I realize that in the last five years, I had felt affirmation in my body getting smaller. I was on a specialized diet because of gallbladder disease, as part of which I couldn’t eat anything that would cause an attack and send me to the ER. I lost weight and in the small, dark crevasses of my mind, I was relieved. In general, I am very neutral toward the ways others enact sovereignty over their bodies, but I have avoided people actively celebrating weight loss because it causes me to spiral into the deep hole of disordered eating. What I didn’t realize is that I was enacting this harm on myself. You can never actually self-actualize who you are when who you are relies solely on the size of your body. Thin and fat are not whole identities.
I was building a house on the unstable foundation of striving for thinness and now that my body has gotten larger, I realize just how unstable that foundation was.
Adorning my body in things that fit or finding things that are the What Not to Wear definitions of flattering never meant I was creating an identity outside of centering thinness. Even in my fat body, one that has never known thinness, I was allowing this to dictate how I built my identity. So now, four sizes bigger, I’m starting fresh and refusing to centre thinness. This refusal means that I am building from the ground up. To be fat means that you are constantly navigating a world that wants you to take up less space; to be fat and refuse to take up less space means navigating a world that is actively hostile to you.
I want to say that this revelation is refreshing, that I feel emboldened and powerful. To be honest, I feel a lot like the 14-year-old girl in the mirror praying her belly rolls away. I’m scared and I feel shameful. The options for exploring are still scarce. There are more options than Walmart or Penningtons but there is still a lack of variety and access. Thin people can walk into a mall and have 50 different stores that cater to different aesthetics. Fat people walk into a mall and beeline it to some godforsaken corner of a fast fashion store that has a rack of plus-sized clothes.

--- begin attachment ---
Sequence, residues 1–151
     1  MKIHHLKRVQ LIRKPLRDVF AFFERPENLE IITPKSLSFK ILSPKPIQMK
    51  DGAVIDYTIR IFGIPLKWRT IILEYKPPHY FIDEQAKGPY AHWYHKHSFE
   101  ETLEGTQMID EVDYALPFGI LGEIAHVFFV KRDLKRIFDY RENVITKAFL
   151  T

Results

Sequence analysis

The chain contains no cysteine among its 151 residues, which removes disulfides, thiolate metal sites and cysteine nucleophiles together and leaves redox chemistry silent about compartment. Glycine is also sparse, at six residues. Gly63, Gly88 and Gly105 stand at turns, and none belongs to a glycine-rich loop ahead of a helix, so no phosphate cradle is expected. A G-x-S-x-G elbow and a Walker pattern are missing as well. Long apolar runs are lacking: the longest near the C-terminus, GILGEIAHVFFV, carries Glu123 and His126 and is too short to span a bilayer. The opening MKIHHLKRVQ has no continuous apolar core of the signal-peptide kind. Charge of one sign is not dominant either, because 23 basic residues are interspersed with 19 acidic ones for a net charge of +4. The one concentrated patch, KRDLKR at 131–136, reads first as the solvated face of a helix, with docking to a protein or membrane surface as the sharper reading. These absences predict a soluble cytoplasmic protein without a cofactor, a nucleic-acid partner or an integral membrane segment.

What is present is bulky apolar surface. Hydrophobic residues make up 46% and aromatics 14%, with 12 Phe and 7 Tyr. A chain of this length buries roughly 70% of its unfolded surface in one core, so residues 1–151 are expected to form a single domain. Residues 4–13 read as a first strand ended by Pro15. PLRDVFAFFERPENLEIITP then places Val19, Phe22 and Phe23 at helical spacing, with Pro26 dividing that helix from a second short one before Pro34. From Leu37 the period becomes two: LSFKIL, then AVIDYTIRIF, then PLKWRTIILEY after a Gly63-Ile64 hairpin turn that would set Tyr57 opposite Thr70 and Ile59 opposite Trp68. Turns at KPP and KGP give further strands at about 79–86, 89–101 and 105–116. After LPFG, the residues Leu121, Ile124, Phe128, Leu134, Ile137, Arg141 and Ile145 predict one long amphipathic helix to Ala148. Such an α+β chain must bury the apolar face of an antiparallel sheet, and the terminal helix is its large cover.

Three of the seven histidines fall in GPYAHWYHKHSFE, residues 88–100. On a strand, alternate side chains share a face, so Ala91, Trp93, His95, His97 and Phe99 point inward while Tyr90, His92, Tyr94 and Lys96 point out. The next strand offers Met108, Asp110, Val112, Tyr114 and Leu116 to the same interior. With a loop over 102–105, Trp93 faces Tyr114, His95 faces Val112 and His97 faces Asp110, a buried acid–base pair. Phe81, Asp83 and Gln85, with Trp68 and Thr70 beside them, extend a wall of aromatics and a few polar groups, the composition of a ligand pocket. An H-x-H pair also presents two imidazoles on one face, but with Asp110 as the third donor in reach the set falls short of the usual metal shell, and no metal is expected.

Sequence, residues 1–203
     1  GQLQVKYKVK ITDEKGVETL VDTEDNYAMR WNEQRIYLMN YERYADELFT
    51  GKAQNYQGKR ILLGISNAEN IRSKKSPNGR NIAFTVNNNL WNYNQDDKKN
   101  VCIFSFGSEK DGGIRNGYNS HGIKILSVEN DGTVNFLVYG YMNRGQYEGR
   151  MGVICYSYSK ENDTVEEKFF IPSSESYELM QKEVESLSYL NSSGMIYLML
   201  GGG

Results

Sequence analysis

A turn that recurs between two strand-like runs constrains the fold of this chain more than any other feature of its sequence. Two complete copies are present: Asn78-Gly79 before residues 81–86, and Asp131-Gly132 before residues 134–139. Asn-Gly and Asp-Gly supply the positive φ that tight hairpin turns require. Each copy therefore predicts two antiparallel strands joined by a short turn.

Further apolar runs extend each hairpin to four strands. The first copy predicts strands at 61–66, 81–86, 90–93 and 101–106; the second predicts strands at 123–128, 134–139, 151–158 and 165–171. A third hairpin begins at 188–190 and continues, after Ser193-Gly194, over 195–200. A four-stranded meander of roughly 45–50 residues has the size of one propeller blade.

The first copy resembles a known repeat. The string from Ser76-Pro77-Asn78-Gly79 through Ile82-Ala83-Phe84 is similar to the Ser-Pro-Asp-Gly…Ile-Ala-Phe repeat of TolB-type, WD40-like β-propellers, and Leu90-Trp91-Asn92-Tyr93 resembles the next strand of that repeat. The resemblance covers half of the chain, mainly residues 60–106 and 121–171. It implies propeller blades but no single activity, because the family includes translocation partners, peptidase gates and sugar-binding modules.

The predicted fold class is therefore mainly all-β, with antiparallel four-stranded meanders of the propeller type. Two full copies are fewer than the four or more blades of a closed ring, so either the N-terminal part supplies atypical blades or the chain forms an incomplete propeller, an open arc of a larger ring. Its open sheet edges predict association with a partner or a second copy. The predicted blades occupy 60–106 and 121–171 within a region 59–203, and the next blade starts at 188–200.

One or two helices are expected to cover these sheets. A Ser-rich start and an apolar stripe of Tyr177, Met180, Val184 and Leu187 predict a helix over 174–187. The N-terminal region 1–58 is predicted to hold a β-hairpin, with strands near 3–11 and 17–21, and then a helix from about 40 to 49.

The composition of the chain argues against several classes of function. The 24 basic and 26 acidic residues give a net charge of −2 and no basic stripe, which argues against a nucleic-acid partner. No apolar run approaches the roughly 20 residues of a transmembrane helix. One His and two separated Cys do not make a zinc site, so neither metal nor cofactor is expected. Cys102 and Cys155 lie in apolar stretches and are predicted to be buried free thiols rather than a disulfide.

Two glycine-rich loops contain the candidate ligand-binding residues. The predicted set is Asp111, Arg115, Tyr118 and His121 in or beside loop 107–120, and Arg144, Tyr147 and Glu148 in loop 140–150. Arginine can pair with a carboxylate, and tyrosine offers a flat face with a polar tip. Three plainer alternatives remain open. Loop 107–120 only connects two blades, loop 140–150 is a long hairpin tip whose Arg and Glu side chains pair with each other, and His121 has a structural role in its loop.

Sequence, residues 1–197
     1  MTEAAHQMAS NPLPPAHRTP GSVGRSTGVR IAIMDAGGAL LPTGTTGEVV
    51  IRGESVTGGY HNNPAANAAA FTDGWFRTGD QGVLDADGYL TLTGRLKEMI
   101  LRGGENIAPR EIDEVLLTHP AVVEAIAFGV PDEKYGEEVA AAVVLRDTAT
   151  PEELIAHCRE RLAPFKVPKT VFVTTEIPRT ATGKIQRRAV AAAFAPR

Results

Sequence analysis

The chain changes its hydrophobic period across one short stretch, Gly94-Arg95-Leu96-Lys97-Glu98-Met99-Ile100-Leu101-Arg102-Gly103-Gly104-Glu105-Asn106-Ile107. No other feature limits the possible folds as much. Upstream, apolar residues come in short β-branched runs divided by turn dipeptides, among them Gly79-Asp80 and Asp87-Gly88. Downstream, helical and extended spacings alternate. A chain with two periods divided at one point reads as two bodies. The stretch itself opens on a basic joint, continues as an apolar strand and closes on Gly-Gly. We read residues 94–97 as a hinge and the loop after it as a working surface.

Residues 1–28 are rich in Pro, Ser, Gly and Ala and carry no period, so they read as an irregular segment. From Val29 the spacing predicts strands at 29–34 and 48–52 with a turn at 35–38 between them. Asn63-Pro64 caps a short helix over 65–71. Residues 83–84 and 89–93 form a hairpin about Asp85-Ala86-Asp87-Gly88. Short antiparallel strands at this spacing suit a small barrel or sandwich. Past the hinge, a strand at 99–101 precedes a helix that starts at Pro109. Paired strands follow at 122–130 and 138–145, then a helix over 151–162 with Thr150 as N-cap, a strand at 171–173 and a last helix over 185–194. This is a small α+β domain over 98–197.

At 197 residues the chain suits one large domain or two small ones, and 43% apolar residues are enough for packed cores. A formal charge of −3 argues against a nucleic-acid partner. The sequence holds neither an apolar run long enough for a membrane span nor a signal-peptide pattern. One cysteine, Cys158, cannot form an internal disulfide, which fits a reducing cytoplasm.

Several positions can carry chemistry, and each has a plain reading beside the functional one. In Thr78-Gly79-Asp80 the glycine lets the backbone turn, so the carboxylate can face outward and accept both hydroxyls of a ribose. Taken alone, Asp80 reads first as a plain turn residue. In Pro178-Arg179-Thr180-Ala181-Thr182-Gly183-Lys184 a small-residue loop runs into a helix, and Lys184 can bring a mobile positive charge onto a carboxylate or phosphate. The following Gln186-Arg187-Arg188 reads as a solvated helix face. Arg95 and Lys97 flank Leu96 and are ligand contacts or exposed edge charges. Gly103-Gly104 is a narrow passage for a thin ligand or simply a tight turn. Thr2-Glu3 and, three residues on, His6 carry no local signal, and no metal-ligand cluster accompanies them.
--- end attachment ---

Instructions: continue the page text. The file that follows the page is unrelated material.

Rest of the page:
I no longer idolize thin white women. I purposefully fill my social media with beautiful, fat, people of colour. I force myself to sit in discomfort when I catch myself whispering life into my fatphobia. I make myself stare into all the things fatphobia brings with it—classism, ableism, colonialism, colourism, and anti-Black racism—and understand that there is no room for these things at my table. Building my identity around thinness means that I was actively building a life around white supremacy and colonial standards of acceptability: continuing to do so is not living with my integrity. Now, I am gentle with myself but loud in my refusal.
The other day, I put on a pair of simple black leggings. My belly line was prominent and visible and you could see the cellulite on the back of my legs. I put on a baggy cream colour cable-knit sweater that made me look like a box. Over top of it, I put on a drop-shoulder oversized flannel jacket. I looked wide. The leggings showed how big my calves are and the mock neck of the sweater framed my double chin. I have never felt more beautiful, comfortable, and confident. The colours were pleasing to me, the fit was cozy, and I was emulating the aesthetic I wanted. Nothing about this outfit was flattering, and nothing about this outfit thrived for thinness. I want to go back in time and tell that 14-year-old emo girl that she will never be skinny, and that’s okay, because one day she’s going to be at peace.